I’ve now read three Liane Moriarty books and enjoyed them all, including this latest novel which is probably the funniest so far, and a perfect summer read to take to the beach. Most of the times I take a book or magazine with me to the beach I actually don’t end up reading it, but I was glued to this one.
Picking this Poirot novel as my next Christie re-read was a purely strategic choice. Since I’ve committed to a full Christie marathon, it meant revisiting occasional stinkers as well as masterpieces; not everything Dame Agatha touched turned to gold. If I didn’t want to end up with a bunch of duds to read through gritted teeth, I’d better start sprinkling them in along the way. I remember being underwhelmed with a few Christie novels, but I’d be surprised if I come across a worse book than The Big Four. It’s a relief to get this travesty out of the way.
I’ve heard a lot of good things about N. K. Jemisin and I was impressed with this imaginative science fantasy novel, the first in her Broken Earth trilogy, even if I felt that it succeeds on a world-building level far better than characterisation.
The story takes place in a land called the Stillness, a bitterly ironic name for the world that’s plagued by constant seismic activity, and regularly experiences near-extinction apocalypses that are referred to by its inhabitants as the Fifth Seasons. Any settlement (or comm as they’re referred to in the book) can be certain that, sooner or later, it will be destroyed by earthquake, tsunami, volcanic activity or extreme climate change. In people’s imagination, Father Earth hates their very existence and does everything to wipe them off its face for good, but so far the human race has managed to pull through every cataclysm, even when the entire individual civilisations perish.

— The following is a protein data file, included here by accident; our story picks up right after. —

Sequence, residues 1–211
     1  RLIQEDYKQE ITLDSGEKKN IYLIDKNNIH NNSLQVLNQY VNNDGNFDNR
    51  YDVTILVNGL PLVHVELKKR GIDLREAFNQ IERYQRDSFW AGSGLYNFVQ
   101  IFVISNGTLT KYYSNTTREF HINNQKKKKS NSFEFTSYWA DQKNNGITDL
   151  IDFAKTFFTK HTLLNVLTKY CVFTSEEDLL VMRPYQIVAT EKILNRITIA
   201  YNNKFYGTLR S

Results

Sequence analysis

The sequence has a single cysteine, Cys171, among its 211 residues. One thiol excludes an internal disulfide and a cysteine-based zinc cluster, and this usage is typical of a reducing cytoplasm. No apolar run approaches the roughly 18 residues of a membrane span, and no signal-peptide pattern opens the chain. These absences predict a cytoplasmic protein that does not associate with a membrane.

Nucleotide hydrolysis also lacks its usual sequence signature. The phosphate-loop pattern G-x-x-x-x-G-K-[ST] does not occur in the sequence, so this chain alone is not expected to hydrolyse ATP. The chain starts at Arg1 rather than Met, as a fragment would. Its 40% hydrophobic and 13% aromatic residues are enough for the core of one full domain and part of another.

I’ve now plowed through about one third of Agatha Christie’s detective oeuvre (only three more years to go before I finish them all, going by the current pace… wheee), but I’ve only now stumbled on a novel that features and is narrated by Hercule Poirot’s own faithful Watson, Arthur Hastings. I say stumbled because, while the details of the story gradually floated back into my memory the longer I read, especially the undeniably clever ending, this novel had kinda faded from my brain. Though maybe not the most memorable Poirot mystery ever, it’s not without its charms, not the least of which is the friendship between Poirot and Hastings. Everyone likes a bickering couple!
Hercule Poirot takes a midday flight from Paris to London, but thanks to acute motion sickness, can’t take time to observe the ten fellow passengers in his section of the plane. The diverse bunch includes a crime novel writer, a countess with a secret cocaine habit, father and son archaeologists, a Harley Street doctor, a young hairdresser back from a holiday and an attractive dentist in the opposite seat who she’s crushing on. As the plane nears its destination, the stewards make a shocking discovery: one of the passengers, an elderly French lady, is found slumped and dead in her seat.
A peculiar blend of historical fiction and supernatural horror, The Terror is a chilling speculation on the fate of the doomed 19th-century polar expedition led by Sir John Franklin. I read almost half of it in a long marathon session while sick in bed, and by the evening I could almost hear the groaning of the ice and the howling arctic wind. Though it’s not an easy breezy read at over 900 pages long, it’s a meticulously researched, deeply absorbing and deeply nightmarish tour de force.
This stand-alone mystery was one of the first Christie novels I’ve ever read, and for that reason I’ve always had a soft spot for it even though the best compliment I can give the book is “solid”. Many other Christie novels have more memorable settings and ingenious twists, this one simply has classic crime ingredients – a small group of suspects, poison and red herrings galore – that come together for a cracking good read.